IN DEPTH: GE's European push
General Electric has some bad news for suppliers of onshore wind turbines in Europe.
After several years of happily gorging on US demand whipped up by the production tax credit (PTC), GE has once again set its sights across the Atlantic.
It is a major strategic pivot for GE, and one with huge significance for the European turbine market.
GE effectively tied with Vestas last year as the world’s largest supplier of wind turbines (although some estimates put the US supplier narrowly ahead of its Danish rival).
Yet the discrepancy between GE’s position in the US and European markets is striking — 96% of the turbines GE commissioned globally last year were in the US, where it commanded a 38% share of the market. By contrast, in Europe its market share sat at about 6%, trailing a long list of familiar rivals. Three of them — Vestas, Siemens and Gamesa — all held far higher market shares in the US last year than GE did in Europe.
The man tasked with bringing GE’s market share in Europe into closer alignment with its US position is Cliff Harris, who took the reins this summer from Stephan Ritter as GE’s general manager for renewables across Europe, the Middle East and Africa.
It is a sweeping remit for a man who has never before worked in the renewables business.
An Englishman and 15-year GE veteran, Harris began his career several decades ago in the coal generation sector, before working his way through gas and nuclear — and finally landing on wind. “I’m getting greener as I go on,” he jokes.
In explaining GE’s newfound fixation with Europe’s onshore wind market, Harris, who is based in Germany, cites all the typical reasons renewable-energy suppliers like doing business in Europe — the size of the market, the political stability, the affluence and green-mindedness of the consumers.
Yet none of these factors are exactly new. Why, then, had GE allowed its wind business to dwindle so much in Europe in recent years?
The simple answer, Harris acknowledges, is that over the past few years the US has represented a much easier win for GE’s wind business, which was purchased a decade ago from the scandal-ridden Enron. With the PTC acting as rocket fuel for demand, more than 5GW of GE turbines were installed last year in the US.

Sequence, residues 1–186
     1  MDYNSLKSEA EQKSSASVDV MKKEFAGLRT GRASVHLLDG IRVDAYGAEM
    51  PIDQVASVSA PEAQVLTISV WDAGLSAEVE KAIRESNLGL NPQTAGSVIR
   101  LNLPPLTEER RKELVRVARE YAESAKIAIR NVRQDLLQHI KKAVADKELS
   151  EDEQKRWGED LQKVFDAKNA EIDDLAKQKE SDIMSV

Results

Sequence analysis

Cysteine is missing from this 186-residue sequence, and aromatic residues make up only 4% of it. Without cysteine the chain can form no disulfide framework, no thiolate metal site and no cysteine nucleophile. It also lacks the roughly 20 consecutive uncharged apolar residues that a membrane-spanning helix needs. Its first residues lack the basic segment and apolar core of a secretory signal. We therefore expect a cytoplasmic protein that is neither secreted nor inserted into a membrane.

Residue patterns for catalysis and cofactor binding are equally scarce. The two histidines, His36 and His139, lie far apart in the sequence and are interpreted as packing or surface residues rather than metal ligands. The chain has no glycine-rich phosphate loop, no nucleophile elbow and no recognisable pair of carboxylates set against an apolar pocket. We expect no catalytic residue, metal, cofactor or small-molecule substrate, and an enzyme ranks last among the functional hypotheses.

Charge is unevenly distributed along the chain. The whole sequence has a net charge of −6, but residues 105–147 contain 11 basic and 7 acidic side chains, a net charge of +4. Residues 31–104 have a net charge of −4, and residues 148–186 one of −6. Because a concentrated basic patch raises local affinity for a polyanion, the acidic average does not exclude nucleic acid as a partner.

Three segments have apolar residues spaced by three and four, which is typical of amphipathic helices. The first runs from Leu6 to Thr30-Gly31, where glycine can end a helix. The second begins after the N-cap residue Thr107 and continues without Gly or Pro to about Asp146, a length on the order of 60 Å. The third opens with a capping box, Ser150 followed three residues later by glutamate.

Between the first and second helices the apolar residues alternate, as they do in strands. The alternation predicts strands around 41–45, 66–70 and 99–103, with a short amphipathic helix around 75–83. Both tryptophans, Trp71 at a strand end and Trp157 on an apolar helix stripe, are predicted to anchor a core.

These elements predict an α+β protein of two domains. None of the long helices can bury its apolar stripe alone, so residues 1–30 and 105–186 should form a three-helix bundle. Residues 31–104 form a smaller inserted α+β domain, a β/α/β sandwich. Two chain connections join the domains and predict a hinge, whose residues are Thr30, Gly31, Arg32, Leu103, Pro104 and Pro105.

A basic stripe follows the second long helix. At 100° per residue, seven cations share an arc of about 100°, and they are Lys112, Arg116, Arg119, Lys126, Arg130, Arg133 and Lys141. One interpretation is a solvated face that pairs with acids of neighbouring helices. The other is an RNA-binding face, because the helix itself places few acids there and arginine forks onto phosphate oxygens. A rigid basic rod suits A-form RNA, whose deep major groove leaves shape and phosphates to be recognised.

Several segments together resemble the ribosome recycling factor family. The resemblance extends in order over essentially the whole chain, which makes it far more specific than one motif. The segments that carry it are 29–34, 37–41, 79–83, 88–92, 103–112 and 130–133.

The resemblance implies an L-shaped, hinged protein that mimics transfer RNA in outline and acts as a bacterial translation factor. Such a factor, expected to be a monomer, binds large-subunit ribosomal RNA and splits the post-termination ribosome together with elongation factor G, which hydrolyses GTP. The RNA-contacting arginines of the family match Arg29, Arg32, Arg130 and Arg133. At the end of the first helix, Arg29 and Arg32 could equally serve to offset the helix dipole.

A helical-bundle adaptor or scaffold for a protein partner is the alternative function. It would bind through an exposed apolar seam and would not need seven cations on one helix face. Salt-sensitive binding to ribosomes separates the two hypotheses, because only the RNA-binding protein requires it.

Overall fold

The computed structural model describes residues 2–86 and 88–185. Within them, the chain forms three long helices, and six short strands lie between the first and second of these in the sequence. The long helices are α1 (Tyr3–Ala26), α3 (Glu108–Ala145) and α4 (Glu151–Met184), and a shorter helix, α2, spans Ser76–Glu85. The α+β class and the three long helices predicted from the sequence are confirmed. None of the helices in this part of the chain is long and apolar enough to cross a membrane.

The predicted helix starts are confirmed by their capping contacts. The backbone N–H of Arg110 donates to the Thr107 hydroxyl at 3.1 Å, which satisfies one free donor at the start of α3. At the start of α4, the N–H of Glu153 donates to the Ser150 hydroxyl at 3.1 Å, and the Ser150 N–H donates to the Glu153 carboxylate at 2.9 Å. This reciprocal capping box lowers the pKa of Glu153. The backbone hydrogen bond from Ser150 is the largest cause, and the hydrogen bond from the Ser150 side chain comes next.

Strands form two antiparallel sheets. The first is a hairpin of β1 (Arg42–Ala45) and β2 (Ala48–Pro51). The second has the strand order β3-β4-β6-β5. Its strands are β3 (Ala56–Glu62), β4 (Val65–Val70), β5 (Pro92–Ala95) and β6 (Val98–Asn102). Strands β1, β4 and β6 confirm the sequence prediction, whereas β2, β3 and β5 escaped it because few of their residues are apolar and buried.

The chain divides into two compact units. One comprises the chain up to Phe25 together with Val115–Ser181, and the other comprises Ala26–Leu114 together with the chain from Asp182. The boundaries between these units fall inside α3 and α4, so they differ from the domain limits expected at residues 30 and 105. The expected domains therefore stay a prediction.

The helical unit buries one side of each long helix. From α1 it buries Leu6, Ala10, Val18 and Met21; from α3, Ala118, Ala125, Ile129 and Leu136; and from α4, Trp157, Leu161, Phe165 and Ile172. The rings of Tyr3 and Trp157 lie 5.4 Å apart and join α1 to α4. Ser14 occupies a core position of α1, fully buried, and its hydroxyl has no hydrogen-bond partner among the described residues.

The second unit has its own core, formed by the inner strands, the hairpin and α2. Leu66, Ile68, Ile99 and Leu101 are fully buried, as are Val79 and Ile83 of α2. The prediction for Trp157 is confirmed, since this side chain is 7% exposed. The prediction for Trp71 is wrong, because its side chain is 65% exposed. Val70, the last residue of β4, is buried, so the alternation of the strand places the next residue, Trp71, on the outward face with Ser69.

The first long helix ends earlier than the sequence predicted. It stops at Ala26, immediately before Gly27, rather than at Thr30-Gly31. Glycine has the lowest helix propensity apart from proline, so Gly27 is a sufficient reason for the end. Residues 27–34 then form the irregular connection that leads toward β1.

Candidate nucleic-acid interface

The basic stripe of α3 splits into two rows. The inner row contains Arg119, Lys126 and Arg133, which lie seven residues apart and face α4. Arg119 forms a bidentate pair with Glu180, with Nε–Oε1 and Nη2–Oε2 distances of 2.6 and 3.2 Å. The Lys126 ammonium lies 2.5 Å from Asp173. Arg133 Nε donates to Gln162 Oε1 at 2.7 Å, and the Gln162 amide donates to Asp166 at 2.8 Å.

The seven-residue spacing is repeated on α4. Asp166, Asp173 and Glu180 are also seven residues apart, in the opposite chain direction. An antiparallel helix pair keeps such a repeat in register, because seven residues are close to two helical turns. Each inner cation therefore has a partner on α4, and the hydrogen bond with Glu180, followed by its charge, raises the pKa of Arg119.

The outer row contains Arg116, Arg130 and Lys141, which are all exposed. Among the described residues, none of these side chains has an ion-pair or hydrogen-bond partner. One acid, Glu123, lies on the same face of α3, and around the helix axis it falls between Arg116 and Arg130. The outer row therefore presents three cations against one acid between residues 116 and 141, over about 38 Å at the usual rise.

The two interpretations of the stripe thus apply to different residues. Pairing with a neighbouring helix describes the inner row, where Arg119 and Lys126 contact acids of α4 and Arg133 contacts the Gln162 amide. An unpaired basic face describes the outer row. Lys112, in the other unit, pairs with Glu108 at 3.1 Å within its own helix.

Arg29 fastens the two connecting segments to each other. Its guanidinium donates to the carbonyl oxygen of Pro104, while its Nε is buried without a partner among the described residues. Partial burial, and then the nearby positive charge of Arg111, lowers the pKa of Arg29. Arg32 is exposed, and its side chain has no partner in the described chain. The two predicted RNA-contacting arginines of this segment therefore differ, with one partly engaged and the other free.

“In America we’ve been selling into very big projects — it’s not uncommon in the US for a wind farm to have 50 or 100 [turbines],” Harris says.
In Europe, by contrast, an average wind project might be closer to “nine or ten units”.
“But you have to put virtually as much effort into building that project — you’ve still got to get your permits, your grid connection, negotiate all your contracts.”
“We’ve realised that we need to be a pan-European player.”
One advantage GE has in Europe is its decades-long relationships with many of the continent’s largest power generators.
“For me, one of the things that has been very transferrable is that a lot of the customers are the same [across GE’s power divisions],” Harris says. “Whether you’re building a gas turbine or a wind turbine with E.ON, it’s still E.ON.”
Germany’s E.ON is one big customer that pops up several times during the interview; SSE, based in Scotland, is another.
But Harris acknowledges that — unlike in the thermal-generation business — small and medium-sized customers really matter in onshore wind, especially in Europe.
To that end, GE is “investing in putting extra people on the ground so we can get out in front of customers and get them to know our products better”.
Establishing a future target for market share can be “very difficult”, claims Harris, who insists GE is more concerned with growing its European wind business profitably than simply grabbing new customers.
But by the end of 2015, “I’d personally like to see us doubling our penetration” compared to 2012’s 6% market share, he says.
The British Isles, Scandinavia and Germany are all considered core to GE’s European plans.
“We’ve just signed some really big deals in Germany, and we’re looking really good there for the end of this year and next year.”
“You will definitely see GE turbines in South Africa [at some point]”, he says.
There is one major segment of the European wind market in which GE has openly stated it does not intend to make a splash: offshore.
A single 4.1MW GE turbine has been spinning off the coast of Sweden since 2011, but that will be the last one GE erects offshore for the foreseeable future, and perhaps forever.
Given the challenging economics of offshore wind, Harris says, “how many areas outside of the UK [and Germany] are really going to see major development?”
“We’ve made the strategic decision to focus our resources onshore. We think that’s the market for us — that’s where we’ll put our product dollars, our feet on the ground.”
“Does that mean we’d never get back into offshore wind? You should never say never.
“We’ll continue to watch the market and see how things develop," he says. “But at the moment it’s a watching brief.”
For more on GE Wind's strategy in Germany, turn here.